There have been several steps taken by the government to stop child labour and trafficking. The anti-child labour law, in simple terms, states that child cannot work in any hazardous work, but can assist the family in work unless and until it is not hampering child’s education.

Several schools of thoughts have opined over this law but were indeed very controversial. “Some shreds of evidence suggest that children who work and goes to school at the same time perform better than their non-working peers” (Bachman, 2000). It is again a hypothesis based on the fact that physical activity stimulates the brain and enhance its functioning. No evidence has been forward to prove it.

Government has up to an extent failed to provide education to the unscheduled or backward classes in India. The above standard economic study is not exhaustive and fails to adequately, or precisely, describe the reasons for child labour. But it indeed, clearly suggests that one size fits all policies to “cure” child labour by attacking “poverty” will fall short of the needs of family and kids. (Bachman, 2000).

The above utility functional study explains the supply side by trying to model the adult decision-makers psyche of sending the child to work. The child labour is demanded by the enterprises in both urban and rural areas in both the formal and informal sector. The reason being, they can be hired at low wages and are more skilful at work requiring agility, sharp eyesight etc. Children also tend not to form unions and hence are very sensitive and can be exploited by making them overwork.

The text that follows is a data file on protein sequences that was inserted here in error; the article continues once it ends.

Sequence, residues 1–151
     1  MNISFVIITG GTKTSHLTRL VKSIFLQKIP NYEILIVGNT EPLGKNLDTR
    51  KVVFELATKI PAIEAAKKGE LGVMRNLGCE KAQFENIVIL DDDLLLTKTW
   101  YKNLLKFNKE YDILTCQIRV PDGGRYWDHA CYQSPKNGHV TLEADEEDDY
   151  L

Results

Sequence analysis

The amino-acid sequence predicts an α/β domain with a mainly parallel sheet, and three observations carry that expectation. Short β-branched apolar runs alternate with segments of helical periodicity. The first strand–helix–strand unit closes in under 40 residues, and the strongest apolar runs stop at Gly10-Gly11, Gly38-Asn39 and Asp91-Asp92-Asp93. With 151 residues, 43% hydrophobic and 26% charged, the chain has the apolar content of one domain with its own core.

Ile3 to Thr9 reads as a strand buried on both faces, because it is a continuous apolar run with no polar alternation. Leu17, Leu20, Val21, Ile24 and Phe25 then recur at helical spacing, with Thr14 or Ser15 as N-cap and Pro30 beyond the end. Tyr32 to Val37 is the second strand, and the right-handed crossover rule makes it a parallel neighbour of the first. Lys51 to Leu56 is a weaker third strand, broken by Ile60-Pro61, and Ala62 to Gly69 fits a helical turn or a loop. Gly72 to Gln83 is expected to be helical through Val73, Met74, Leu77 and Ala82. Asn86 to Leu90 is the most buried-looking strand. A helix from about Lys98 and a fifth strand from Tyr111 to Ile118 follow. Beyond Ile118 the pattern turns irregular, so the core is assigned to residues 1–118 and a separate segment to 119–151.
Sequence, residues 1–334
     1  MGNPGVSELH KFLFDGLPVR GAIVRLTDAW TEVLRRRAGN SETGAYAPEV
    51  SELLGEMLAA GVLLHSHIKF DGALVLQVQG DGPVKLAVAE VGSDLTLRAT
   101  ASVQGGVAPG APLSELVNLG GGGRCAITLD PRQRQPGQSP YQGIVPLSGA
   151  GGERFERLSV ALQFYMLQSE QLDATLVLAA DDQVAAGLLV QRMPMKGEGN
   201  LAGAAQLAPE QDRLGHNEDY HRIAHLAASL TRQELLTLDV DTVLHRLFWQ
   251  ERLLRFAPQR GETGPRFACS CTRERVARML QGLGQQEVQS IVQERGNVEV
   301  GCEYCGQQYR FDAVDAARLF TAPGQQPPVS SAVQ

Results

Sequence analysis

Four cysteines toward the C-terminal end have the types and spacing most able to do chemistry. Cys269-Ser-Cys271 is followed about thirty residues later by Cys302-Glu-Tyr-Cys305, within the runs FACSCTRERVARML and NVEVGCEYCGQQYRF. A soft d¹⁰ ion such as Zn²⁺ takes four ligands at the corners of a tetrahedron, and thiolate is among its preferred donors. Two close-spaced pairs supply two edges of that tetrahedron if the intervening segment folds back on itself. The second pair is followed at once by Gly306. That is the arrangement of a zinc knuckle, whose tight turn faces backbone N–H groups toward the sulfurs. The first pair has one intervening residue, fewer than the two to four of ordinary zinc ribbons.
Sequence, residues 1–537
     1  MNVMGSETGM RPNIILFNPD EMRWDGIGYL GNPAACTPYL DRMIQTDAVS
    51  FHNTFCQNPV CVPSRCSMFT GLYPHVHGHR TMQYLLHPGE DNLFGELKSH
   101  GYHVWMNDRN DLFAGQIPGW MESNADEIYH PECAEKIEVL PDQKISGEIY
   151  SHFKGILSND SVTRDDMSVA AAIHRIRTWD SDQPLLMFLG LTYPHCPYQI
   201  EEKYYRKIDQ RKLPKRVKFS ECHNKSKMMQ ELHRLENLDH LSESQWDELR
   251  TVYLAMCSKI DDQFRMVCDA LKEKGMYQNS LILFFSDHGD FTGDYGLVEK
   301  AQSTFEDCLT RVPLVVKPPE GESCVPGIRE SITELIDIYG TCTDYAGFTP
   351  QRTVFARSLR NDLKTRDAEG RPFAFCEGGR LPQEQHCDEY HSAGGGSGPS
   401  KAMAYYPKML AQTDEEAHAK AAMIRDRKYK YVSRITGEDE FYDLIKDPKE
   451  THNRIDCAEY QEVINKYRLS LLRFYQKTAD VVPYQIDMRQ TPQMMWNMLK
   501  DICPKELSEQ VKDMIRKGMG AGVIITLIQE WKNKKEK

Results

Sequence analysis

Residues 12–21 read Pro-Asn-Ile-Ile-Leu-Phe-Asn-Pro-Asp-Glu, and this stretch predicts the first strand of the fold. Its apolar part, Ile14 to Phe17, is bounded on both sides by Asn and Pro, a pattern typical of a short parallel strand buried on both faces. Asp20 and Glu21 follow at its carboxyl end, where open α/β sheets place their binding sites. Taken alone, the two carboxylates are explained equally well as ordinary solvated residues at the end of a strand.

The number of children employed in formal enterprises is less as compared to informal enterprises. Reason being, the high opportunity cost of breaching anti-child labour laws such as rejection by an end-use consumer of child produced goods.
The child sometimes is not hired by manufacturers out of choice parents, refuse to work unless and until the manufacturer hires the complete family. In the agriculture sector, farmers are approached by whole families looking for the work.
“This sense of social obligation is likely to be stronger in the informal economy, where employers and child labourers know each other through family, religion, social or other connections” (Bachman, 2000).

Understanding child labour is not easy. The prime reason for child labour is lack of income in the family, but the psyche of the decision-maker also plays a role in it. Further study of child labour explains us the demand and supply side of child labour using utility functional perspective. The issue is critical and needs to talk on a priority basis. Otherwise, it will have severe micro and macro effects on the people as well as on the economies of today and tomorrow.

Bachman, S. L. (2000). A New Economics of Child Labor: Searching for Answers Behind the Headlines. Journal of International Affairs Editorial Board.